The Interview: Zdeno Chara

Elise Amendola/AP

I hear you hate talking about yourself. Is that true?
> I’m not sure if I hate it, but I’m more on the humble side than “Me, me,” I would say. [Laughs.] I’d rather downplay that.

Sorry, I’m going to try to make you not downplay that.
> That’s OK.

Do you think you have the hardest slapshot in the world?
> I’m sure I have one of the hardest, but it’s hard to compare. Shea Weber’s always been in the final at All-Star Games with me. I know Al Iafrate had the record for a long time. Al MacInnis had a really hard shot.

I was hoping you’d just say, “Yes.”
> [Laughs.] This is where we come to, I’m not really big on talking about myself.

You must get tired of talking about your height. I’ve never read an article about you where you haven’t been described as “big” or “towering.” That has to get old.
> I’m so glad that you said it. Every article starts that way: Zdeno Chara, six-foot-nine, big strong defenceman. I’m like, Oh my God, does every player get their weight and height listed before they write something about him? No. I’m kind of used to it by now, but I wish they would put it on the side, or not always mention it. I mean, at this point, I think people know, OK, that’s the guy, he’s really tall.

You’ve climbed Mount Kilimanjaro, won the Stanley Cup and biked the Tour de France course. What was the toughest?
> Playing the whole season and going through the whole playoffs in 2011 was the hardest 10-month period. As an individual, Kilimanjaro was probably the hardest week—the amount of hours you have to walk, the energy you’re spending, the altitude. And as far as one day, that would be one of those stages I did on the Tour de France. I remember climbing Mont Ventoux at the end of the day, and it was so, so hard. You have already three, four hours in your legs of cycling, and then you have to climb probably the hardest mountain on the course. And then you have to ride back to your car and pack up your stuff. I remember I was sitting in the car and I couldn’t feel my legs. I was like, how am I gonna drive? I couldn’t even feel the pedals under my feet.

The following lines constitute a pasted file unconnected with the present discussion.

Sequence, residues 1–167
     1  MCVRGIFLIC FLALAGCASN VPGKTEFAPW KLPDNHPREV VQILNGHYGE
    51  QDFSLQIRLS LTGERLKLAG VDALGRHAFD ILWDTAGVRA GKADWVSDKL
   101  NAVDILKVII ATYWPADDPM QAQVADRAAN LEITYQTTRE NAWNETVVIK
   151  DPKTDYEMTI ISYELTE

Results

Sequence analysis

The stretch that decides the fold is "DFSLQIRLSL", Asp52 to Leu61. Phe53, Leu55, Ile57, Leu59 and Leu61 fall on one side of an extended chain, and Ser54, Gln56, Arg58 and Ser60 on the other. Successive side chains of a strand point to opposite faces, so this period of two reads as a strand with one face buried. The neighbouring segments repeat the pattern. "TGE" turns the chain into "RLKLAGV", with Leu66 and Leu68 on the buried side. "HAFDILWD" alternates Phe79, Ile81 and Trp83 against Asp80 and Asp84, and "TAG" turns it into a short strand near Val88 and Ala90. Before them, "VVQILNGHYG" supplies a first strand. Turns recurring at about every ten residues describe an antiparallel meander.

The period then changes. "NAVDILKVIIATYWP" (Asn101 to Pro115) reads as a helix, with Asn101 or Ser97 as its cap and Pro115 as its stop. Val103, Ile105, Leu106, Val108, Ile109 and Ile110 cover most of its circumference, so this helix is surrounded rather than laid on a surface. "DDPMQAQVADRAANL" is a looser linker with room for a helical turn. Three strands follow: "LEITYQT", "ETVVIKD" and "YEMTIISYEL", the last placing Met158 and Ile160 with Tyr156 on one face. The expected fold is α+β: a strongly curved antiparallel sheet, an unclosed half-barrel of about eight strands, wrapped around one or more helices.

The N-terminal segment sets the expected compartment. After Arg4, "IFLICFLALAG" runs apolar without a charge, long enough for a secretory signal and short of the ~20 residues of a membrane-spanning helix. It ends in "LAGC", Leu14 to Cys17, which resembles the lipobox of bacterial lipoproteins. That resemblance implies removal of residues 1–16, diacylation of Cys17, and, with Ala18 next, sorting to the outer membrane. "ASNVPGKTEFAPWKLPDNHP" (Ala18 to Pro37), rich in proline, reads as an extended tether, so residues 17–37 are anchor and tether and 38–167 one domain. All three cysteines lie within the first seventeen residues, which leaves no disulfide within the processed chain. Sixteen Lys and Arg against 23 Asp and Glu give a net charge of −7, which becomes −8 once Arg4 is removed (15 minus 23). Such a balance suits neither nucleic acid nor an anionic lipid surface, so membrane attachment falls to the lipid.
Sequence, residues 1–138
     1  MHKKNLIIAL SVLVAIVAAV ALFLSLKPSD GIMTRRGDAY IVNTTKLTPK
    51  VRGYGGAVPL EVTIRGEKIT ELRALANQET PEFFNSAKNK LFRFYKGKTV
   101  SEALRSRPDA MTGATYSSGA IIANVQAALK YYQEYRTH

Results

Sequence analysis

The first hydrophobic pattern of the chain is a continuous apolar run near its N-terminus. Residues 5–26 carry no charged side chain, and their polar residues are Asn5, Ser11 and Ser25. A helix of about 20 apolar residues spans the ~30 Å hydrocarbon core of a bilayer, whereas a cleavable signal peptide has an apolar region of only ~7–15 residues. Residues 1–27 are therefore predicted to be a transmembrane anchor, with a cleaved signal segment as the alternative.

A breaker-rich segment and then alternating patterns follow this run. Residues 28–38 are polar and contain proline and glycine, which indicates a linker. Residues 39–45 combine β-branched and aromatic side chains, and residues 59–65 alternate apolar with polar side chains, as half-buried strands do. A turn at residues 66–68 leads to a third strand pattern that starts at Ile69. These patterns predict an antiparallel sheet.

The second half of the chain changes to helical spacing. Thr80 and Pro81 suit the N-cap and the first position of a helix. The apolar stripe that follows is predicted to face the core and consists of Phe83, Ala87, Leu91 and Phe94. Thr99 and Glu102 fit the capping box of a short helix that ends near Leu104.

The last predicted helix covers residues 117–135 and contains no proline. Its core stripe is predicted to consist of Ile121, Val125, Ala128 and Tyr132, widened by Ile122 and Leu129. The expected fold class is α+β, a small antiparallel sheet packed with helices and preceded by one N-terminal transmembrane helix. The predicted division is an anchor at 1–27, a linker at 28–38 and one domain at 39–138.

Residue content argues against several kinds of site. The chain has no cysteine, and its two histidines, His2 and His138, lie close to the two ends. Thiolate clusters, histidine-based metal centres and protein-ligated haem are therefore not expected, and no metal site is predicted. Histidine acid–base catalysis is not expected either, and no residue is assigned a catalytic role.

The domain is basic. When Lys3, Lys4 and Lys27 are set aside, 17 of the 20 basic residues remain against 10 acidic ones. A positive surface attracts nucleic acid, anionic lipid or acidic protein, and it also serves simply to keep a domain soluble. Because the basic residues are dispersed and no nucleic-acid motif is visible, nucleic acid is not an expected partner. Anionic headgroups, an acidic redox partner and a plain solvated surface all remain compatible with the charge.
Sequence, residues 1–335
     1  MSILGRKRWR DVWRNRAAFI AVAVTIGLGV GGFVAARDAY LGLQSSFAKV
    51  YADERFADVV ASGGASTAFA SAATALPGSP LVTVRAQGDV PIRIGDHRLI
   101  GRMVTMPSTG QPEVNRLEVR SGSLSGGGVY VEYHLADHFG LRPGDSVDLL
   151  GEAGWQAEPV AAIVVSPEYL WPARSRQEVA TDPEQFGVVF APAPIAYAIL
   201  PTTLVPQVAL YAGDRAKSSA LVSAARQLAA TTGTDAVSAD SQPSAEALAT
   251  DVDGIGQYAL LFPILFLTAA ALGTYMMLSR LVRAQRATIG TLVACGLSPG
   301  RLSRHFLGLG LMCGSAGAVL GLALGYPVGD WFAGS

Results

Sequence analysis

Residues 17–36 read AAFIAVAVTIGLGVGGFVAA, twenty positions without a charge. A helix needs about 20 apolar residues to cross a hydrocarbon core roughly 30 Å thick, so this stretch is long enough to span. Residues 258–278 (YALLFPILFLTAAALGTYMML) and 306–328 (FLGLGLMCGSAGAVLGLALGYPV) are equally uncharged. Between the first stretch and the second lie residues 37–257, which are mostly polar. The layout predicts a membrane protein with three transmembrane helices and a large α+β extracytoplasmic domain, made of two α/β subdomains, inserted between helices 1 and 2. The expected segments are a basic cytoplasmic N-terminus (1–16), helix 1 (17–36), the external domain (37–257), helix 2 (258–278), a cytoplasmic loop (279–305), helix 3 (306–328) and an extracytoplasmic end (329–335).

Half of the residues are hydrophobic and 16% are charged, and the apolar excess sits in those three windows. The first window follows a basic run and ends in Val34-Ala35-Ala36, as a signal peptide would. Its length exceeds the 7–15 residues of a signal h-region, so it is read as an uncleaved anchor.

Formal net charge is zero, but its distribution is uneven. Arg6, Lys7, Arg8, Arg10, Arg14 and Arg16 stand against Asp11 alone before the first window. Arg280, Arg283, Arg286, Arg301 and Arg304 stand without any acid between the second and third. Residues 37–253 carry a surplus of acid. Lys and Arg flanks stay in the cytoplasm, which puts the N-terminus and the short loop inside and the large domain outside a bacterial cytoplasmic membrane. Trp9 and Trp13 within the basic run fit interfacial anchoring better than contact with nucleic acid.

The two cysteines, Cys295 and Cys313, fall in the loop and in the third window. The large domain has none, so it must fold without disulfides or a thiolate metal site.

Where does your humility come from?
> It’s the way I was raised and the environment I grew up in. We were never allowed to be cocky or misbehave. There was a lot of discipline back home, so it gives you a really good base. My dad always said, and my mom, too: Please, thank you, you’re welcome—it opens every door in the world for you if you act humble and just say those three things.

Is it understated how hard you’ve had to work to be quick and nimble out there?
> For sure it takes longer for bigger guys or tall guys to be really agile. Growing up, my dad and a few coaches always said that’s the first and main priority for me, agility and quick feet, before getting strong.

You have a daughter. What’s the hardest part of being a dad?
> Being away, that’s the hardest part. When you want to be with them and show them things and teach them things and you have to go away. With technology these days, it’s way easier than it used to be, but it can’t replace being there in person.

Are you a good cook?
> I can get by. I lived on my own for a number of years. I left home when I was 18, 19. I had to take care of myself, and I picked up a few meals that I can cook any time I want.

If you were to invite the Bruins coaching staff over for a meal, what would you cook?
> Our coaches are big on sweets. For sure I would make some cookies, and some chocolate cake, because they just can’t resist it. I’ll finish it with ice cream.

Let’s go back to the slapshot. What’s the key to a good one?
> When I was young I was practising outside on plastic, and I had a bunch of pucks and I was shooting at a fence. It really just has to come natural, you can’t be forcing it or trying to swing too hard or too weak. It’s basically like—how should I compare it?—if you cook a meal 100 times, it just comes really natural to you. If somebody wants a good shot they should go out there and keep practising.

And then eventually it’ll go 108 mph, right?
> [Laughs.] Yeah, eventually.

This story originally appeared in Sportsnet magazine. Subscribe here.

When submitting content, please abide by our submission guidelines, and avoid posting profanity, personal attacks or harassment. Should you violate our submissions guidelines, we reserve the right to remove your comments and block your account. Sportsnet reserves the right to close a story’s comment section at any time.